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in the mean time the question is if the concept of these annual presentations

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should be changed. Apart from the fact that i fail to understand what

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is so French about this and what it has to do with Grandeur, the

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simple parade of artistic objects, where every sculpture has its own domain, with

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information panels, which invite to read and learn the interpretation of the curators,

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is, to say the least, a bit boring. Why not make it more adventurous

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and integrate the works of art more with the whole Lange Voorhout and with each other?

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Why not surprise people and let them discover things, instead of having them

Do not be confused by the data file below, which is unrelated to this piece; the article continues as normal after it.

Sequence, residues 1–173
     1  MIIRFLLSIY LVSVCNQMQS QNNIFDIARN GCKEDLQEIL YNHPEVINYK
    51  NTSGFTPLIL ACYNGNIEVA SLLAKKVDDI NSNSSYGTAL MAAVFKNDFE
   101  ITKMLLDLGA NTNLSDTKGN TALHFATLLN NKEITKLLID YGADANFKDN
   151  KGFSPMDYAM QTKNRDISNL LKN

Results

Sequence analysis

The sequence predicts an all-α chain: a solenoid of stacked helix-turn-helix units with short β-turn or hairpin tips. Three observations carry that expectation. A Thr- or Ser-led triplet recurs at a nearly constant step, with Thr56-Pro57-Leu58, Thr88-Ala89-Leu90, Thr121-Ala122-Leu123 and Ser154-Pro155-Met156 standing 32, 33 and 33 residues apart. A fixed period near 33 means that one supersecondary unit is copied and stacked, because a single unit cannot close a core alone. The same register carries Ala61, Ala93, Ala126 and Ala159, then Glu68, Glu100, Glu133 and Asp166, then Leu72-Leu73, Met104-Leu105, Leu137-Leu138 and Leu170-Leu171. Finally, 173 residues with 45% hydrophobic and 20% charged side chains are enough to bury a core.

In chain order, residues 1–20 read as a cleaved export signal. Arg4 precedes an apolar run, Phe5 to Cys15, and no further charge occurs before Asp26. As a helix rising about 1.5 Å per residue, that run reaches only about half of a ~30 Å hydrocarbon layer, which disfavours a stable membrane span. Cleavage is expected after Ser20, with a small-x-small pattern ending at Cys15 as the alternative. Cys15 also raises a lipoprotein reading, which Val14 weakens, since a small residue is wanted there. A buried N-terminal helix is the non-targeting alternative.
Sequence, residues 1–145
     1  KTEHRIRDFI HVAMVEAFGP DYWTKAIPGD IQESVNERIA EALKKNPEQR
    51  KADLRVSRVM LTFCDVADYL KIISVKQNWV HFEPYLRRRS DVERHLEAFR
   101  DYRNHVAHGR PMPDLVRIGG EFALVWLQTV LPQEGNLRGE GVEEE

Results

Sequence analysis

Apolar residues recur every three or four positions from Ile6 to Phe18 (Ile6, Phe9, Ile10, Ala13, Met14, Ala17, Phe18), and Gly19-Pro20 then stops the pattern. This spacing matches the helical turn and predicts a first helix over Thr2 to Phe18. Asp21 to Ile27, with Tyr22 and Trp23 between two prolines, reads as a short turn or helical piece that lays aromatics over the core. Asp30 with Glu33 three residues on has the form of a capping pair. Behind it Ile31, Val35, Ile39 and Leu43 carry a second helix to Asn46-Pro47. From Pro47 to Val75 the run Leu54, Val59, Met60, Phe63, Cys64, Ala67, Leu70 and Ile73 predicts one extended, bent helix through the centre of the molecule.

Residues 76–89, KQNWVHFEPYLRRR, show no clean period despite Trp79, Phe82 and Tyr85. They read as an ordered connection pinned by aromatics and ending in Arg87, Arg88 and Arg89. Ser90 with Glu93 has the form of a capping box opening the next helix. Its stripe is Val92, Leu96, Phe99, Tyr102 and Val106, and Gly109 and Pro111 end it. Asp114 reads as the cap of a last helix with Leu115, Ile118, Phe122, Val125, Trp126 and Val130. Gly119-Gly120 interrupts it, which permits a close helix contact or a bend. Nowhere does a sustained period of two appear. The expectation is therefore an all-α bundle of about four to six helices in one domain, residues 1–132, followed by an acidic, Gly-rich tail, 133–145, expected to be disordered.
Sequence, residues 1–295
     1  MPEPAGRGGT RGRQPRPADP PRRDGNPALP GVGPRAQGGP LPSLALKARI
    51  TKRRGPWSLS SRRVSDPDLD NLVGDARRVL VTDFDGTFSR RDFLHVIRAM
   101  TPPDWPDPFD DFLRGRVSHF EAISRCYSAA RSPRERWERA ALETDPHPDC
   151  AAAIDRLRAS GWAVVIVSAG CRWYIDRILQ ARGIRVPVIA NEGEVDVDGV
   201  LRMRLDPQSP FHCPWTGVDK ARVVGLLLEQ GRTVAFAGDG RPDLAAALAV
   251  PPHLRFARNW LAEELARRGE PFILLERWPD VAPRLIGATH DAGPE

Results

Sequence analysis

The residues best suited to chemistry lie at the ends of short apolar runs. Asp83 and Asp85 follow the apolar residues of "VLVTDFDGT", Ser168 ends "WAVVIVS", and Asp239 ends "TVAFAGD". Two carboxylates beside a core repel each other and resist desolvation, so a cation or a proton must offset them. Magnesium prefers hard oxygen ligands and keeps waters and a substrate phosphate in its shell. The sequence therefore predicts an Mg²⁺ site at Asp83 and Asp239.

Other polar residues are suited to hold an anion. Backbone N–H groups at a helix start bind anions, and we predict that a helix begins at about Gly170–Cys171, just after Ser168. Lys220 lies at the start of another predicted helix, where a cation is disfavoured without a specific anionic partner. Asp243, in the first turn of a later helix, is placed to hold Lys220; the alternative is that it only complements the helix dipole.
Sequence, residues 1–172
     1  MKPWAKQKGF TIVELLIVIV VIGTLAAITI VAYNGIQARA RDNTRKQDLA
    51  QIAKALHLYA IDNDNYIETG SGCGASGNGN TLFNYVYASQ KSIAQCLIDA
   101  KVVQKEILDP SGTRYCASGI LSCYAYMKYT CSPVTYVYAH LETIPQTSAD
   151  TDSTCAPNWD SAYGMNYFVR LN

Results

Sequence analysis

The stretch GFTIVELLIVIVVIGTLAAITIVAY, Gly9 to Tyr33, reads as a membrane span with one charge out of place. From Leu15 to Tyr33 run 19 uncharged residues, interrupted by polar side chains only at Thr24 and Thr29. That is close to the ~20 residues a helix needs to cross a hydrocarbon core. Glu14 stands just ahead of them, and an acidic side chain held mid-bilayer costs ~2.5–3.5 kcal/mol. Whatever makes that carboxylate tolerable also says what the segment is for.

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reading information panels? Sculptures, some of them quite interesting in themselves, become harmless

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items in a parade of French artistic produce. Why are the works showcased like in a huge

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trade fair in a way that consumers can make their own choice, while

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reading the advertising texts of the curators? Sculpture is not a choice, sculpture is a fact…

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(Click on the pictures to enlarge)

Bertus Pieters